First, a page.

Diamond cut shapes have been in our hearts for ages, appearing in history, we think, about 4500 years ago!
How diamonds have shaped us is almost the same story as how we have come to shape them! We’re going to cover the most popular and well-known cuts in this article.
Make sure to imagine the scenes as we go through some of these romantic histories.
Will you read on with us? If you say “I do,” by all means keep scrolling!
The heart shaped diamond cut has one of the longest histories we know of, going all the way back to 1463 when the Duke of Milan described another noble’s pursuits as “a heart-shaped diamond.”
Not only is it an ancient cut, but well known for being a royal gift. Less than a hundred years after the Duke of Milan’s entry, Mary Queen of Scots tried to smooth things over using the legendary cut.
This cut is the most expensive cut for many reasons, not least of which is the extremely complex shape it takes.
Pear Or Teardrop
Another ancient cut, the pear shaped diamond cut or teardrop cut also has its beginnings in the early 1400s. This is credited to a Belgian named Lodewyk van Berquem. Not only did Berquem invent this cut, but also many of the tools, methods, and facet placement that have gone virtually unchanged until now.
Berquem has become as timeless as the material he helped to shape.
The first known diamond matching the description of an oval cut is from 1304. It wasn’t until 1954, though, that Lazare Kaplan’s work on the oval has been described as “perfected.” Because of the similar shape to the rough, though rounded, the oval has been a popular shape through the ages.
The first time the public set eyes on the Koh-i-Noor, part of the Royal British Crown Jewels, it drew crowds of hundreds—all the way back in 1851. By then, the diamond had already crossed borders along with royal families for hundreds of years, sometimes getting refined along the way.
An entry of diamond cut that remains exquisitely popular was born in the 1700s, by King Louis XV to commemorate Jean Antoinette Poisson, his lover and mistress. This was reportedly commissioned to resemble the shape of her lips.
Since, Jean Antoinette Poisson was the female equivalent of a Marquis, a Marquise, the female form of the rank’s name, the name was also given to the cut. You might see this cut more often on other gems, such as sapphire, but it is firmly entrenched in the history of diamonds.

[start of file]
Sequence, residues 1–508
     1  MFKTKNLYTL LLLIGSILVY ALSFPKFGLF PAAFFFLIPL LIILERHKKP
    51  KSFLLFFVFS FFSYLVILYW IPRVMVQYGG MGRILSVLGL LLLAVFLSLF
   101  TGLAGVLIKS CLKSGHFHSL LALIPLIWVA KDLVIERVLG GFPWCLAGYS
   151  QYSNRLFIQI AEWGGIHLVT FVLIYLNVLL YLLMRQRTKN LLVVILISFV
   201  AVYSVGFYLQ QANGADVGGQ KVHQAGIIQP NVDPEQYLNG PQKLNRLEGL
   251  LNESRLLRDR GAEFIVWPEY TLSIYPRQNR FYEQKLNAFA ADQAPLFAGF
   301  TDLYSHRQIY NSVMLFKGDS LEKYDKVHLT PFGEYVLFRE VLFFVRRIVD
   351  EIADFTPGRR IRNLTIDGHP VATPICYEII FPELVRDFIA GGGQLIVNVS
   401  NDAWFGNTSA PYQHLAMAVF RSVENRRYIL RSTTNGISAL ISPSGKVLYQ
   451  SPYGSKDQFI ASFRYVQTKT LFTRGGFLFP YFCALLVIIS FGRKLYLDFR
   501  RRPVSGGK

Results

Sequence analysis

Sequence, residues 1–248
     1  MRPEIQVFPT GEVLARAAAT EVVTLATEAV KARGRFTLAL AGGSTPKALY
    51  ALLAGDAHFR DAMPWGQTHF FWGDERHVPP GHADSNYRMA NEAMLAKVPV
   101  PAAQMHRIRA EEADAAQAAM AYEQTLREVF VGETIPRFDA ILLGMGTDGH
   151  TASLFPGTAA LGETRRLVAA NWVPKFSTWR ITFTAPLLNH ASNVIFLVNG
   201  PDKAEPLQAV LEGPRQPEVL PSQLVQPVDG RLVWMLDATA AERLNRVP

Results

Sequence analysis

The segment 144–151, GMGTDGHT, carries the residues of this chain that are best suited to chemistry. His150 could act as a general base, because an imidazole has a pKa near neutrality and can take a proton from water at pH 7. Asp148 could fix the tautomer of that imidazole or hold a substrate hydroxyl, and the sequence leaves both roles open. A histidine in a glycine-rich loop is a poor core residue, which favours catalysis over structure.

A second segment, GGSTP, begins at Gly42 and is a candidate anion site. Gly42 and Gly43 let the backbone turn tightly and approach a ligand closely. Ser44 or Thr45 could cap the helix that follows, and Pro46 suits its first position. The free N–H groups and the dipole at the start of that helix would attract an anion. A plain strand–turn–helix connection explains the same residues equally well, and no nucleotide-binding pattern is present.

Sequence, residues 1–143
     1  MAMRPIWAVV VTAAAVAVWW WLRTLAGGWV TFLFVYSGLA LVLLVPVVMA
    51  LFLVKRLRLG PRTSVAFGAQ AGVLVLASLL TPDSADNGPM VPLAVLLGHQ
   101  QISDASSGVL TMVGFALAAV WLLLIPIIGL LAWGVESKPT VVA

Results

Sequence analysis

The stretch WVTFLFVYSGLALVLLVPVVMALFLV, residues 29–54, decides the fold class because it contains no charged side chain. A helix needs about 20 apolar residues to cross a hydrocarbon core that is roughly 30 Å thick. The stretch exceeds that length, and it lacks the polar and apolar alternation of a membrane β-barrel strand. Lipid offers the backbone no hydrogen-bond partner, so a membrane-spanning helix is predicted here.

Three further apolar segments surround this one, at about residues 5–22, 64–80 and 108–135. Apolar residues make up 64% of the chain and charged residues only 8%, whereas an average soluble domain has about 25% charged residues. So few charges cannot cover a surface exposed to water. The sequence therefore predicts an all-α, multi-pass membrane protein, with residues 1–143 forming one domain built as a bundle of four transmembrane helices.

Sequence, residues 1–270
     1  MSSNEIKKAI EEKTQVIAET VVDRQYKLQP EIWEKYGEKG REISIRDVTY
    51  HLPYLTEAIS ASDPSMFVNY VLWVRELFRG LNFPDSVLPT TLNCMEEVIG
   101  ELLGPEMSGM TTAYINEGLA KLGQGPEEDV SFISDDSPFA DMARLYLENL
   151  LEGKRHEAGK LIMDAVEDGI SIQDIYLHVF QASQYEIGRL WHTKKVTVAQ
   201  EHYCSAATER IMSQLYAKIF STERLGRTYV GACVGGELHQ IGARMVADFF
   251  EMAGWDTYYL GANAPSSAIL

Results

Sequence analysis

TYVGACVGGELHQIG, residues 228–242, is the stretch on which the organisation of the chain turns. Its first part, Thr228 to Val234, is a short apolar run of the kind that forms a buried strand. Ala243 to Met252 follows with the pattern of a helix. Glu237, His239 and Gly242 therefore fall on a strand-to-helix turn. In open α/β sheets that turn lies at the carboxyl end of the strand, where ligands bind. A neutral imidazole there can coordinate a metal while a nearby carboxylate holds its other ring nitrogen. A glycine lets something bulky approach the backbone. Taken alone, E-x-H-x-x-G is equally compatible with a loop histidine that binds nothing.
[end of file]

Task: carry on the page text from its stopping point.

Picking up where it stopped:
This shape, first formed and developed for emeralds as the name suggests, is an easier (but no less beautiful) cut to make. It goes back to some of the first forms of gemstone cutting, the table cut, and was developed during the 1500s.
The name of the cut, however, came into vogue about the time of the 1920s, when such rectangular patterns became popular and it had to have been distinguished between baguette and other cuts of similar shape.
It’s agreed the history of diamonds as jewelry starts in India, and then as Brazil was discovered to have diamonds, the trade moved there. As diamonds were found in Brazil, the diamond trade flourished.
Before long, people forgot that diamonds once came from India. Similarly, people have forgotten that Brazil was a key source of diamonds when diamonds were found in great numbers in South Africa. Brazil came to be known in the industry as the “old mines.”
Thus, from the “mine cut” we get the cushion cut which graces the fingers of women around the world. This cut has evolved as much as the source of diamonds has evolved, to refine its shape.
As time goes on, we build upon good things, making them even better. So is the case with Henry Grossbard’s creation, the radiant cut. A sort of hybrid between cushion cut and emerald cut, it is, however, in its own category entirely.
Developed Grossbard until 1977, when it became public, they’re known to truly be radiant as their numerous facets create sparkles as plentiful as stars in the night sky.
Joseph Asscher, in 1902, created the Asscher cut. It is similar to an emerald cut in overall shape. Don’t let the simplicity of the facets fool you, however. The cropped corners of the Assher cut, along with the cascade of squares that draw you to the center. It is Art Deco heaven.
While it was very popular until World War 2, the height of its success was during the Art Deco period and never recovered to those heights of popularity. It’s a cut with exceptional clarity, for which you can learn more here.
The Princess cut comes with a lot of contention. In 1961, Arpad Nagy from London used the name for his own cut. Later, in 1971, Basil Watermeyer created the Barion cut with more than 80 facets. Just a few years later, in 1979, the Quadrillion cut was patented, with 49 facets. Many would come to call this the “princess” cut.
It wasn’t until the industry tried to fill a gap in the market that this square profile with 58 facets was dubbed the “princess,” unequivocally.
The round is the undisputed king of diamond cuts. More people know this cut before any others. The round didn’t come to pass as we see it now, until about 1919 when Marcel Tolkowsky’s design took the world by storm.
The 58 facet cut was the first truly round, fully circular shape to utilize the recent invention of tools to make it, in the late 1800s.
Diamond Cut Shapes: Full Circle
Just as diamond cut shapes have come full-circle with the round, we’ve come full circle on the history of diamond cuts. It’s a fascinating history, to be sure, filled with intrigue, love, and contention.
Diamonds “last forever,” so to speak, but the way we view them changes with time. If a new cut came out tomorrow, would you notice? Now that you know the history of many of the cuts, you might!